Jesus Hernandez-Guero Or The Art Of Provoking
14ymedio, Yoani Sanchez, Havana, 30 May 2017 — If something is clear in
the work of Jesus Hernández- Güero is that he is not a complacent
artist. His transgressive look is insolent and unrelated to any
political militancy, religious creed or commercial convenience. The
artist raises sparks everywhere: in Cuba where he was born and in
Venezuela where he now resides.
In 2008, Hernández-Güero decided that his graduation thesis at Cuba’s
Instituto Superior de Arte (ISA) would be a book entitled La Tercera
Pata, with texts by journalists and writers censored. He collected
writings by the poet Rafael Alcides, the former prisoner of the Black
Spring Oscar Espinoza Chepe, and the narrator Orlando Luis Pardo Lazo,
That effort led him to knock on many doors and more than a few saw him
as a provocateur. He wanted to show the national journalistic tradition
that includes figures like Félix Varela and José Martí, a tradition that
was broken when independent publications “were closed and then
prohibited” and all that was left “in circulation were those belonging
to the State.”
The ISA leadership did not like this character of
inclusiveness. Hernández-Güero recalls that a month before the
discussion of his thesis the dean summoned him along with his tutor,
critic and curator Mailyn Machado, to inform him that the project had
not been approved. He had only two options: to take the state test or to
present a compendium of his artistic work.
He opted for the second choice and happened on the book project. On the
day of the presentation, a convenient power outage occurred at ISA and
his thesis “never had a real conclusion” even though he finished with
the maximum of qualifications.
Hernández-Güero, born in 1983, is aware that much of his research and
his artistic production “has a critical sense and a high socio-political
content, which makes official institutions or those who lead them
The artist established residence in Venezuela and he travels frequently
to Cuba, where he recently participated in a show at the Chaplin Cinema
under the title Contamination, a part of the Festival of Young Filmmakers.
However, his stay outside Cuba has not freed him from censorship because
he seeks to “annoy, disturb the viewer, not only with the art, but in
the face of reality that is lived and thought.” Something that he knows
“is often not welcome institutionally.”
Three years ago, his work At Fault, with a 23-foot bent over flagpole
and the Venezuelan flag “hoisted” on the ground, was displayed in Ciudad
Banesco during the FIA Youth Fair in Caracas. The piece was installed
before the opening and organizers covered the flag with a black bag. The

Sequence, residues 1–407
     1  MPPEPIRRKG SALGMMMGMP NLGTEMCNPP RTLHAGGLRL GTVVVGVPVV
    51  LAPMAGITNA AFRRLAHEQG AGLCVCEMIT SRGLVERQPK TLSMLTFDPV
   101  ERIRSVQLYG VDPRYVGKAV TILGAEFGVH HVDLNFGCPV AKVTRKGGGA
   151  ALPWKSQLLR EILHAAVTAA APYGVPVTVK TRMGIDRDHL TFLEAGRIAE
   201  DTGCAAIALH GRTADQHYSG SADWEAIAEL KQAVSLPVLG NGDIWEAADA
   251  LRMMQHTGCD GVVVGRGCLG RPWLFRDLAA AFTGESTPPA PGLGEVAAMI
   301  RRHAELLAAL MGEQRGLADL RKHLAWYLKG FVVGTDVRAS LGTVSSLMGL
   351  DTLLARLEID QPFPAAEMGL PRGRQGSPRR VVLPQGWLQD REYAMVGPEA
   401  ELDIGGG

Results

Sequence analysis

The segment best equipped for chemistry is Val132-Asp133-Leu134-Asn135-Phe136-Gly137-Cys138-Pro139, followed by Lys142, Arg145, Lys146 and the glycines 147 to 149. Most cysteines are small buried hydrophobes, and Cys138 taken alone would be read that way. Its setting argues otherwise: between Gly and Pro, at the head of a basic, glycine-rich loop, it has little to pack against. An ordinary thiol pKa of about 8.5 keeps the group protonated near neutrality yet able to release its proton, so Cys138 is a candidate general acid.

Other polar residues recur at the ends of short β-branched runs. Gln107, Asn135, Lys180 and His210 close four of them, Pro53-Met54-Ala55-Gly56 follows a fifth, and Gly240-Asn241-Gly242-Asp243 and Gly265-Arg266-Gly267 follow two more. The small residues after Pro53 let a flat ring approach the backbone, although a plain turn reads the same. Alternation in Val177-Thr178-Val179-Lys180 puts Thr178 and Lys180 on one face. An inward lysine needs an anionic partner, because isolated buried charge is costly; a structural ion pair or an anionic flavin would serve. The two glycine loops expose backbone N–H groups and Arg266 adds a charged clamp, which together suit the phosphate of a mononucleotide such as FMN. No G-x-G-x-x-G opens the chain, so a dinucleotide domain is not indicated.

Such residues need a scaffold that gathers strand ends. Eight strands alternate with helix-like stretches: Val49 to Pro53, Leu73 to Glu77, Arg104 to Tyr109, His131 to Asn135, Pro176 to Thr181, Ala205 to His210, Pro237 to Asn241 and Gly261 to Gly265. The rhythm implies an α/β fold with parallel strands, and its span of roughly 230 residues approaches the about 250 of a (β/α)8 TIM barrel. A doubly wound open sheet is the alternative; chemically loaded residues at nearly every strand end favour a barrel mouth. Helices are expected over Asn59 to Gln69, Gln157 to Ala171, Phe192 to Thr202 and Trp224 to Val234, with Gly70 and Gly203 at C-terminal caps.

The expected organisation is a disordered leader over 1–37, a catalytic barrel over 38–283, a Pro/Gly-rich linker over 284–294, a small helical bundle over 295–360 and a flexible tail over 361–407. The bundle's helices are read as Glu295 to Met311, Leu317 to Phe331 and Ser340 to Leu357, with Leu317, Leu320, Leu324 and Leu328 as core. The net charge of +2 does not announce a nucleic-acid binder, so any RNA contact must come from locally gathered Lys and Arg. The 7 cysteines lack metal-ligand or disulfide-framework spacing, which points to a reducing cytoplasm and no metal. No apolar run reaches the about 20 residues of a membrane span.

result resembled a covered corpse.
The piece caused so much turmoil in the social networks that finally
they removed the flag and left only the bent over flagpole. “From that
moment the work changed,” clarifies the artist and now the display of
the work includes some of the tweets published during the process and
“documentation of how they dismantled [the fabric].”
The whole media phenomenon and the condemnation was integrated into the
work. Because the censorship, in the words of the artist, “is a
boomerang that tries to hit who it is thrown at, but usually ends up
hitting the thrower.”
He has had to deal with similar situations on several occasions and
believes that censorship is an inseparable companion “when the work has
as its research subject the great social taboos such as politics, power,
religion, sexuality, pornography, among others.”
Hernandez-Güero’s work constantly questions power. Not only political
power, but also “the symbolic power of visual images and conventions
that are deposited in the social imaginary as indestructible, immovable
or untouchable truths,” he explains.
In these circumstances he is always exposed to reprimands or warnings
that end up “completing the work or expanding it to another plane,”
often one unsuspected by the artist himself.
The most recent of his works takes the name Historical Coincidences and
mixes, in the same image, portraits of great personalities who have
assumed similar postures and attitudes before the camera, regardless of
time, place or context.
Most are premeditated appearances, but in other cases it is an instant
captured without any pose. His intention is to “demystify these figures”
and to question “the perception of them in the historical and social
imaginary.” The elaboration is simple: superimpose one face on another,
which gives way to new faces and “other possible expressions, but
unrecognizable, unknown by all.”
They are works with a great political content and, at the end of last
year, five of the pieces of that series received prizes in the October
Young Salon, at the Valencia Museum of Art.
Hernandez-Guerero does not prefer one medium over another. As for the
new technologies, he believes that knowing them previously offers more
possibilities to “know their potential.” Because the greater an artist’s
arsenal, the more possibilities he will have to “navigate within the
Source: Jesus Hernandez-Guero Or The Art Of Provoking – Translating Cuba
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